Instead, relays are used. A relay is essentially a second switch in the circuit, and it's turned on/off using an electrical signal - usually from a switch in the cab of the vehicle. That allows the circuits in the cab - where we especially don't want fires - to have less current flowing through them, and for the larger amounts flow through larger wires that are in the engine bay.

Normally, an auxiliary light is wired directly to the battery as shown in the diagram above - allowing the user to flip the switch whenever they want in order to turn on the lights. But what I needed was a way to have two switches control the lights - one that would turn them on whenever and one that would turn them on only when the hi-beams were on.

And that meant that I needed to find a wire in the truck that only had power when the hi-beams were on. Diagrammed out, it needed to look like this:

Luckily for me, I found that wire. On a 96-04 Tacoma - as well as many other vehicles - there is a wire specifically for hi-beams going into the headlight. So if you find yourself in a similar situation, here's how to install a switch that allows you a bit more control over when your auxiliary lights turn on!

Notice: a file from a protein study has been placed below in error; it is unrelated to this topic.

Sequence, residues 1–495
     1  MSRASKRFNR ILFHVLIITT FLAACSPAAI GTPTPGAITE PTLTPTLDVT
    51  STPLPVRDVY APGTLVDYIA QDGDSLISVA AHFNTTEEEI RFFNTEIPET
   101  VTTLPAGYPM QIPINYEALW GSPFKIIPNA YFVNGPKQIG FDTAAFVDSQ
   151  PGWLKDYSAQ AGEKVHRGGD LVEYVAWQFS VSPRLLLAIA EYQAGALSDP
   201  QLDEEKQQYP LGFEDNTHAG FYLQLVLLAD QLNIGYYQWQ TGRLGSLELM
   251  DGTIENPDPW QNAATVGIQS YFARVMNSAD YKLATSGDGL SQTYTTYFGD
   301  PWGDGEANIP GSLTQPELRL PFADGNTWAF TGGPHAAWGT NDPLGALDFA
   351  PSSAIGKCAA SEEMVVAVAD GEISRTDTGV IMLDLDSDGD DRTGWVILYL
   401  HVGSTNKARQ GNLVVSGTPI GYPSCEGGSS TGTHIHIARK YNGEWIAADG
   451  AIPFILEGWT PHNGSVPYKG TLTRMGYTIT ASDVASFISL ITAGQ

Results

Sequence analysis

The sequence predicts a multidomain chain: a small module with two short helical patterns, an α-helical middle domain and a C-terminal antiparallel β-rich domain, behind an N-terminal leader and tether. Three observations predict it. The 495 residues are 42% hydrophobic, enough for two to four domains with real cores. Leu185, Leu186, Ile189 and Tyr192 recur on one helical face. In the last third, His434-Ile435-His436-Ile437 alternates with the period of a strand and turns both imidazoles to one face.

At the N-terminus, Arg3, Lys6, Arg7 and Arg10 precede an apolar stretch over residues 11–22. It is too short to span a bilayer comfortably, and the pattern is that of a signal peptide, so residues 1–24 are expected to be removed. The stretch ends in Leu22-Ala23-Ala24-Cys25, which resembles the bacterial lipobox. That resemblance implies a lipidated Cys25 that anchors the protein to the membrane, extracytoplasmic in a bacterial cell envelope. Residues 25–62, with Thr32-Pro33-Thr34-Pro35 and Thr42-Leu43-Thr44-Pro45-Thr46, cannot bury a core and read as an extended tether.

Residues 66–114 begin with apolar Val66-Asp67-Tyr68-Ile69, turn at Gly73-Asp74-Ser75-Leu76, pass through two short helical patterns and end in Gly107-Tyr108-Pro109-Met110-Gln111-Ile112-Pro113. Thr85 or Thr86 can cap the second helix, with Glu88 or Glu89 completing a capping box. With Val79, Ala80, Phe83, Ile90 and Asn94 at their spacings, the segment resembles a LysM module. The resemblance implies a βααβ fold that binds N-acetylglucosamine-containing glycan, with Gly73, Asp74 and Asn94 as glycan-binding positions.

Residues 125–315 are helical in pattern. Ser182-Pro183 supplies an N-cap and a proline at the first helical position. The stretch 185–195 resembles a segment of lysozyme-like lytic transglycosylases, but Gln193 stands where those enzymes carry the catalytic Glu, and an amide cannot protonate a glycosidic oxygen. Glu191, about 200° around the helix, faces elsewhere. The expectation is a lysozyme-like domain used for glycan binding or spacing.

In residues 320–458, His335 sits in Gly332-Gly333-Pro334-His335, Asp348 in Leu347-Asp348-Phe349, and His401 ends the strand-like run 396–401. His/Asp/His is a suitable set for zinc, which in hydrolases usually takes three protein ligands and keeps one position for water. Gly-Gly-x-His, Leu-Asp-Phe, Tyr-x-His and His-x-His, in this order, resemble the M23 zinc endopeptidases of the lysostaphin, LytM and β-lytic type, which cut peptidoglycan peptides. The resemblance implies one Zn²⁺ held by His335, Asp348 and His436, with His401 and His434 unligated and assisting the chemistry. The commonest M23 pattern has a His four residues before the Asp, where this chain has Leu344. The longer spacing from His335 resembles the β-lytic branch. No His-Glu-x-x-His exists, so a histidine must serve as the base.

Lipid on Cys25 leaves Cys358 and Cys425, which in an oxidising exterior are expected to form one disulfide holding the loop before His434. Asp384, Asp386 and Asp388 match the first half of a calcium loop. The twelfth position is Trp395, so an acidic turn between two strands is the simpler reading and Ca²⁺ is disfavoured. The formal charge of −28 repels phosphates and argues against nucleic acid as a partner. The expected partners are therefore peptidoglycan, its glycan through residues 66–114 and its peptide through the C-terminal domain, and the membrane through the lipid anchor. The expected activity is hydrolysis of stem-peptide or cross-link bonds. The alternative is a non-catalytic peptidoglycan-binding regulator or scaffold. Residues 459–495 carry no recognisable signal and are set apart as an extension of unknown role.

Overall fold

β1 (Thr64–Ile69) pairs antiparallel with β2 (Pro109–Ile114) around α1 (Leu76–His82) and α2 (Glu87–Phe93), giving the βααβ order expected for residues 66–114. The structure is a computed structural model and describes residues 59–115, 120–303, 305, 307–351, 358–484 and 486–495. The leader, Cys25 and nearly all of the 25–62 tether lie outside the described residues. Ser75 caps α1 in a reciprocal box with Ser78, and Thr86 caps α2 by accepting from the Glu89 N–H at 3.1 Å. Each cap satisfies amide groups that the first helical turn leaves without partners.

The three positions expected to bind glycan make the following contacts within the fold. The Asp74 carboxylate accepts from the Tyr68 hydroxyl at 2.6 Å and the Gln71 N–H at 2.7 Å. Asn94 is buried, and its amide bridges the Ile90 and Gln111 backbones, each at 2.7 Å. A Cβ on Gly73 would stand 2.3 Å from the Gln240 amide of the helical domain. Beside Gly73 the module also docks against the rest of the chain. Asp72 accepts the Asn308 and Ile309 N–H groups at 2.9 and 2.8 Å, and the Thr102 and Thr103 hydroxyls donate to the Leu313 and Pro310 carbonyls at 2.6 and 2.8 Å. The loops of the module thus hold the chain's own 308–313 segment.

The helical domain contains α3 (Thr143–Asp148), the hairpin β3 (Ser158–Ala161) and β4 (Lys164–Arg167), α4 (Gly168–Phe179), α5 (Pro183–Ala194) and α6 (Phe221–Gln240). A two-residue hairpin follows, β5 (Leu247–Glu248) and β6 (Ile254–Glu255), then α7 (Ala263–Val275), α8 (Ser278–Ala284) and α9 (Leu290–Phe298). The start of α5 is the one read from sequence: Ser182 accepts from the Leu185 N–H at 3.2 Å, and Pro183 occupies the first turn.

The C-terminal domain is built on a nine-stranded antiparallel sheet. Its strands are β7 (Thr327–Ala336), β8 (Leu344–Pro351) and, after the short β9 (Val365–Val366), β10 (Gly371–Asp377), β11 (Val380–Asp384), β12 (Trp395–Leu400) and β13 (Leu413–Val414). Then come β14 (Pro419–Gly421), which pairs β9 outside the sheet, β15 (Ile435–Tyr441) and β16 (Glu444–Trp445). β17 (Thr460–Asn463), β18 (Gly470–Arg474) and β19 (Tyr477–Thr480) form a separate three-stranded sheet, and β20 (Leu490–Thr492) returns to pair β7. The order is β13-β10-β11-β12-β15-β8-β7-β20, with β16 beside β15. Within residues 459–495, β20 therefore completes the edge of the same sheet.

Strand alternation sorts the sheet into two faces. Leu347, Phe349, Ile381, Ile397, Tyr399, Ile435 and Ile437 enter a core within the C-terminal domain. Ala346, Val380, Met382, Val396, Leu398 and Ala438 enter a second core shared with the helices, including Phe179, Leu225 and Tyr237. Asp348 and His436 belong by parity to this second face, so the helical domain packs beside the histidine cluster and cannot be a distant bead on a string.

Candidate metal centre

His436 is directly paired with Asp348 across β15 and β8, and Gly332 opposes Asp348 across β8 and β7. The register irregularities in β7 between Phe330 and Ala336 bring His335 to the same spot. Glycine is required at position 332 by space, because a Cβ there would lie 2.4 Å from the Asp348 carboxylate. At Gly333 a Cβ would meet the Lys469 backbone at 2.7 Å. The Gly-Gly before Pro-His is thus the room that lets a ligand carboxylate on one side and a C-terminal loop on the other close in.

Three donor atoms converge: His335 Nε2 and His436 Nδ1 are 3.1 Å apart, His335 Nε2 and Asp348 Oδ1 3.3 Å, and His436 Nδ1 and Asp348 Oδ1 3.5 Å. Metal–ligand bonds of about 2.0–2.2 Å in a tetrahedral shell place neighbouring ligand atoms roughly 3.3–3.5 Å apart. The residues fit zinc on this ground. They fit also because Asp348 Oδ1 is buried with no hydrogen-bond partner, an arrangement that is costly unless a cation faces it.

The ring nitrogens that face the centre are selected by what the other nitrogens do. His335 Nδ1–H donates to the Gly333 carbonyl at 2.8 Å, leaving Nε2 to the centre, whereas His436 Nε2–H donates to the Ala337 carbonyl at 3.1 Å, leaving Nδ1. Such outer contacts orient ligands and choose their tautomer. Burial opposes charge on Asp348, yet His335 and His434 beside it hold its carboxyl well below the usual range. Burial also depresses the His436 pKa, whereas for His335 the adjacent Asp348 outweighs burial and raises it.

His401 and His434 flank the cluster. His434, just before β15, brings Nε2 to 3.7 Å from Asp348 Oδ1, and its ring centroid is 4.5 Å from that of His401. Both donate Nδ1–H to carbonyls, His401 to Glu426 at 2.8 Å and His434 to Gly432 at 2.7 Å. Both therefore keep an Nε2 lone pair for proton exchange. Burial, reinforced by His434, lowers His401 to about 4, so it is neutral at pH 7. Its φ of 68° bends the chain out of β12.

To get started, I needed access to the electrical connector going into my driver side headlight. That meant removing the battery and disconnecting the plug - simply by pulling it out. Then, after cleaning off the wires so I could better identify them by color, I found the black+yellow wire, which the wiring diagram for my truck indicated was for the hi-beams.

With the wire accessible, I used a wire tap/splice to connect a new length of wire that I ran back through the engine bay and through a grommet into the cab.

From here, I hoped I'd be able to simply remove the ON-OFF toggle switch I'd been using and connect the new ON-OFF-ON (SPDT) switch I planned to use now, but alas - the space behind the dash was too tight to pop out the switch. So, dash disassembly (see Removing the Dash Trim) was required.